Need to sign a document? No problem: if you have a Mac laptop or a Magic Trackpad you can handwrite on the trackpad to sign PDFs. Simply open the document in Preview, click on the Markup logo next to the Search box and then look for the Signature icon. Select Create Signature and you can now sign with your finger. pdf sign. For more options, see our guide to the best e-signature software.
04. Make secret notes
Keychain is a great password manager, but it’s also a great place to keep secure notes that nobody else can access. Launch Keychain Access (it’s in Applications > Utilities) and then click on File > New Secure Note Item. Once saved, the note will be password-protected so only the title is visible.
05. Ask it to read to you
The accessibility features in macOS include something that’s really useful for everyone: Speak Selection. Once enabled in System Prefs > Accessibility > Spoken Content, you can highlight text and press å+œ to have your Mac read it out. It’s really handy for writers and for giving your eyes a break.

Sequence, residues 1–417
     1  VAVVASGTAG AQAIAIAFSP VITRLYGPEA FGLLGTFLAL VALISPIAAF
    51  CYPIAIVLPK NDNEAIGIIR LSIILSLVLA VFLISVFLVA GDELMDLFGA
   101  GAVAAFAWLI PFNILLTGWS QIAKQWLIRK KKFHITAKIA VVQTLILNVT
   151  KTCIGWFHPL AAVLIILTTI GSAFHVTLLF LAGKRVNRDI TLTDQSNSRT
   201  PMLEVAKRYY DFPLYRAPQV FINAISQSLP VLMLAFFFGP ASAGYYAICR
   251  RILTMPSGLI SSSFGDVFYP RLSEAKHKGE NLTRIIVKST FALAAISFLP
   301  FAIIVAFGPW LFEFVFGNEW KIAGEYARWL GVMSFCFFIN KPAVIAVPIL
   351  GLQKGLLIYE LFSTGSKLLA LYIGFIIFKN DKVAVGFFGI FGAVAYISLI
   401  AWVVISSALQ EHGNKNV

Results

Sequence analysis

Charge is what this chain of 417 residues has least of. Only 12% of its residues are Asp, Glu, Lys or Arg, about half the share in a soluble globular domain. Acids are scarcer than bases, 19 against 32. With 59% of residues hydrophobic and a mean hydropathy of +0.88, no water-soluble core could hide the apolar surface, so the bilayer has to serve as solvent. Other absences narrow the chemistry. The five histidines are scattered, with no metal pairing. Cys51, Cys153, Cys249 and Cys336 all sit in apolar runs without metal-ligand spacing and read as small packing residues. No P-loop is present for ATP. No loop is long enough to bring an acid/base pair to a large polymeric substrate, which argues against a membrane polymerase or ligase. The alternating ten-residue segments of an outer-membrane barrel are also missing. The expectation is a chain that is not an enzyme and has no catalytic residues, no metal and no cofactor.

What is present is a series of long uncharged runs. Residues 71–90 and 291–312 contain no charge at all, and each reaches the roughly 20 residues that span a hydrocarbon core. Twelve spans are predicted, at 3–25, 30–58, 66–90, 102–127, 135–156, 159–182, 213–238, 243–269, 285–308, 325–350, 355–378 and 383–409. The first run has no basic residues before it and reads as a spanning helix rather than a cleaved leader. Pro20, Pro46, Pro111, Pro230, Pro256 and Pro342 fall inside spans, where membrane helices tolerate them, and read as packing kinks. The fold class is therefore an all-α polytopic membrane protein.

06. Make a meme
Internet memes are visual dad jokes for every age and gender, and making them on your Mac is really easy even if you don’t have a photo editing app installed. For example, in Preview you can open an image, bring up the Markup toolbar and then add text over the top. Change the font to Impact for that all-important meme look and then either save the image or export it in the appropriate format.
07. Send backgrounds to the bin
You don’t need an image editor to remove backgrounds or put someone from photo A into photo B: all you need is Preview. You can do all kinds of handy things here. For example, if you want to get rid of everything that’s a particular colour, you can bring up the Markup Toolbar, select the Instant Alpha icon – it looks like a magic wand – and simply click and drag on the colour that you want to make transparent.
If you want to copy a person or object from one photo to another, change the selection tool in the Markup toolbar to Smart Lasso, then trace the person or thing you want to copy. You don’t need to worry about being accurate; Preview analyses the image to find the object or person’s outline.